Let me try to explain with an example. A dish with tomato, eggplant, pepper and meat cannot be called a “Tomato Meal.” One of the elements of the meal cannot give the dish its name. You cannot name it “Tomato Dish”, “Eggplant Dish” or “Pepper Dish”, you can name it as “Casserole Dish”. In other words you use another inclusive name for all of the ingredients.
However, “Turk” does not include “Kurd”. Turks are an ancient nation and their history goes back thousands of years to the steppes of Central Asia.
Kurds are not Turks and it is impossible for them to be. Calling a Kurd as Turk or trying to Turkify them is Kurdish problem. Because the Kurds are an ancient nation whose history goes back thousands of years to Mesopotamia, the geography of today’s Kurdistan.
Kurdish and Turkish languages are also from different language families. Kurdish is from the Indo-European language family, and Turkish is from the Ural Altaic. This alone is a very important determinant.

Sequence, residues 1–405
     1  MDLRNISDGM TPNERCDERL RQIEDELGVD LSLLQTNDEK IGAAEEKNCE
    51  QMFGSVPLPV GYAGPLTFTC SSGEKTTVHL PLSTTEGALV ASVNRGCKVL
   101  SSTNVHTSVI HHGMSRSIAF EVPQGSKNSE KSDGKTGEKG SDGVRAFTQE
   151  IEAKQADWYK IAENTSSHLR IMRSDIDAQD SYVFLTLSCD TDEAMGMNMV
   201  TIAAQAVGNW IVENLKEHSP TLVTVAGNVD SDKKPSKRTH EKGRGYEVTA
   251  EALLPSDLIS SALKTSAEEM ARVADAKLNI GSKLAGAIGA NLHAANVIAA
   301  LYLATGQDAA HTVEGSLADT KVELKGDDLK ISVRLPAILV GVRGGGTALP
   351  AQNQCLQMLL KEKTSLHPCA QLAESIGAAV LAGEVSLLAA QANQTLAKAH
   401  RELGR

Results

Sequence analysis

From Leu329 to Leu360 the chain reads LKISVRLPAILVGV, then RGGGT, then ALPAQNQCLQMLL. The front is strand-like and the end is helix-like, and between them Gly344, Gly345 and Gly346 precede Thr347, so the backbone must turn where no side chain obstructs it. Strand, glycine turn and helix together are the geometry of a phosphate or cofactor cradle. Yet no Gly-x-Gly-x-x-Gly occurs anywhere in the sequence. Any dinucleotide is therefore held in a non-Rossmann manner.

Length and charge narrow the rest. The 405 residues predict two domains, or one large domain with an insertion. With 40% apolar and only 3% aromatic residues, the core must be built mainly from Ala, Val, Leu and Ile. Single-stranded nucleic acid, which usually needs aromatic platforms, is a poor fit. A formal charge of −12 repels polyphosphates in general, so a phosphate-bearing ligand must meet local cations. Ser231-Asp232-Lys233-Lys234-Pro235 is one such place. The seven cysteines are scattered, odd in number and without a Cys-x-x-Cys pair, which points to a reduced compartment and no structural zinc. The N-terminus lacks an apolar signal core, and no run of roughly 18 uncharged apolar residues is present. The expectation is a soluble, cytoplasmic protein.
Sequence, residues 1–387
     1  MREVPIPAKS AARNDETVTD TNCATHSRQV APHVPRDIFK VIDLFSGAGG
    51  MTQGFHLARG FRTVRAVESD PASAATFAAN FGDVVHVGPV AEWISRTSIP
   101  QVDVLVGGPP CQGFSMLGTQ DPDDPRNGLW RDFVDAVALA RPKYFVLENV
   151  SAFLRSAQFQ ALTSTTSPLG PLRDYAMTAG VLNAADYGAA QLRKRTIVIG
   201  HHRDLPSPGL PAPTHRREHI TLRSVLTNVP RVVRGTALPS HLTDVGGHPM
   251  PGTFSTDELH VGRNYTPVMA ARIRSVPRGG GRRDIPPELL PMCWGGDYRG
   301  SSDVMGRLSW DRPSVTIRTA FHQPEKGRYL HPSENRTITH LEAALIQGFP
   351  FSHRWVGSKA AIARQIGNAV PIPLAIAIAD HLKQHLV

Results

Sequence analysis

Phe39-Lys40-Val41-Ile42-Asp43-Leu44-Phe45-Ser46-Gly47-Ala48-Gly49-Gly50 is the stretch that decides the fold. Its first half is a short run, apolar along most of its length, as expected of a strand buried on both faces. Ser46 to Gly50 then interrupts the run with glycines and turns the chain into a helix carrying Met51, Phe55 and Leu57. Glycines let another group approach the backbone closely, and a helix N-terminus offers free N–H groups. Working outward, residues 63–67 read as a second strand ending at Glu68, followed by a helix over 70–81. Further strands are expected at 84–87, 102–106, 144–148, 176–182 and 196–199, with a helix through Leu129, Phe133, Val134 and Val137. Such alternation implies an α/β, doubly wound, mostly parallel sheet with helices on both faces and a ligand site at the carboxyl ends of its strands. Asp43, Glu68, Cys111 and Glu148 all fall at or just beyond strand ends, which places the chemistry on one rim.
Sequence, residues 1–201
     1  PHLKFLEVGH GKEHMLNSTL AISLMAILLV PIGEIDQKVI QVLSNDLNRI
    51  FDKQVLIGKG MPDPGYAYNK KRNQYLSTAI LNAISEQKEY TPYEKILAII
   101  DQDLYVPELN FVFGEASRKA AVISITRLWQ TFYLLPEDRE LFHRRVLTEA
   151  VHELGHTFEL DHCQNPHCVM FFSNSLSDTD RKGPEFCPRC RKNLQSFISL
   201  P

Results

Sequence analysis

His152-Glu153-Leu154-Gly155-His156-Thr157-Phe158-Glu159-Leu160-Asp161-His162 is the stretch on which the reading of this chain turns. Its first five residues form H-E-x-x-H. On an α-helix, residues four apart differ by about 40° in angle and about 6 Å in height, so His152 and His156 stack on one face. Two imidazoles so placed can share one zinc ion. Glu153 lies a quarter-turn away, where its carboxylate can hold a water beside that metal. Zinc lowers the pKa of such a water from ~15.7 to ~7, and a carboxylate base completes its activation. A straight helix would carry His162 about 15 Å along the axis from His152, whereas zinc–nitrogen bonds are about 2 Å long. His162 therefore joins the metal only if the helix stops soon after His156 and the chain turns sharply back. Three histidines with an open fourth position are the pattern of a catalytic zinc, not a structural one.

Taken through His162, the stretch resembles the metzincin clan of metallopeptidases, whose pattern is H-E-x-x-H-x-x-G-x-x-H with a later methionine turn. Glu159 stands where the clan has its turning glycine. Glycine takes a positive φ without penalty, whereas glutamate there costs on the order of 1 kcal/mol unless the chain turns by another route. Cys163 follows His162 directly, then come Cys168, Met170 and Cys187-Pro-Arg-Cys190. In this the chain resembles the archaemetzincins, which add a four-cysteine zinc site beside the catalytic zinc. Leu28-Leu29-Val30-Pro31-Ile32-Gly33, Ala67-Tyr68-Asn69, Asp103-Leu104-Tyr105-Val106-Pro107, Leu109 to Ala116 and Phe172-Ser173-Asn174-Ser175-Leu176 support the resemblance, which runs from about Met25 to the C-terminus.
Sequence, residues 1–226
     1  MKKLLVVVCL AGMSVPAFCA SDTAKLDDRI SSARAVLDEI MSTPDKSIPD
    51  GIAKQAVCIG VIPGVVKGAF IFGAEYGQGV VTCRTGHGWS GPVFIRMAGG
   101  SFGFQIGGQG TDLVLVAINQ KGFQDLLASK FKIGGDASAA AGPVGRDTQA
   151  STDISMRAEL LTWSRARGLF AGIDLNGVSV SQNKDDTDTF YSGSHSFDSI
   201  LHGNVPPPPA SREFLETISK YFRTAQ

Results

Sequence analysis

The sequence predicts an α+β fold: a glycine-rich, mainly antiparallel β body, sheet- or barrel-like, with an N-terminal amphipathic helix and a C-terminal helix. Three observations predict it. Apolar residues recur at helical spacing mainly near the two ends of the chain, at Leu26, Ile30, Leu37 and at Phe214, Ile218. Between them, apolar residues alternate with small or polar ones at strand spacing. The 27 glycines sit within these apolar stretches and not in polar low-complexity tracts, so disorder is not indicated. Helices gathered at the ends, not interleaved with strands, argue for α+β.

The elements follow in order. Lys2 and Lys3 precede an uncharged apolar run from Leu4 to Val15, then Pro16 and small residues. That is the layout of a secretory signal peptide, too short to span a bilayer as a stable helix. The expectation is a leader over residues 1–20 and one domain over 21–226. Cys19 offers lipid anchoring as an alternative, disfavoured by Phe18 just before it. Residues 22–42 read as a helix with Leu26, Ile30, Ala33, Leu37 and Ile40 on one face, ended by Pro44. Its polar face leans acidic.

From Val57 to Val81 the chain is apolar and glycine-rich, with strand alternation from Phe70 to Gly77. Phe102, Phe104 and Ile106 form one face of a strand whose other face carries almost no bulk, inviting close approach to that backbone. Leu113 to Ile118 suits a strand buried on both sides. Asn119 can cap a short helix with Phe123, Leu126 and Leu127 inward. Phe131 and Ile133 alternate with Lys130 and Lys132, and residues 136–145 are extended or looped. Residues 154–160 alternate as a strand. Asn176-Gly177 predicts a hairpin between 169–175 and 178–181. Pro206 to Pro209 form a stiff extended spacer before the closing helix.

If you say that “we are all Turks and everyone’s mother tongue is Turkish. There is no such language as Kurdish,” then yes, you have a Kurdish problem.
Let’s say you live in a village, town or center of Sakarya or Yozgat provinces. Your little daughter Ayşe reached school age and you enrolled her in primary school. On the first day of school, you take little Ayşe’s hand and go to school. Let’s assume you warn your little daughter, saying “Look, darling. Don’t speak Turkish at school, don’t say we’re Turkish, okay?”
Ayşe is also terrified because she does not know any language other than Turkish! In that situation, she enters the classroom and the teacher enters the classroom with a smiling face. However, she is about to cry. Ayşe in the classroom is not the same as Ayşe in the house. She is not being herself. She looks around, almost the whole class is as scared as her. Because the teacher speaks Kurdish and says as much as the children can barely understand: “Belê zarokên rinde, îro pê axaftina Tirkî qedexe ye. Em hemu Kurd in û zimanê me Kurdî ye.” (Yes, beautiful children, it is forbidden to speak Turkish after today. We are all Kurds and our language is Kurdish.)
How would you feel if you were a mother or father faced with something like this? How would you feel if you were in Ayşe’s place? If you say it is normal, you have a Kurdish problem.
Education in Kurdish is not provided in Turkey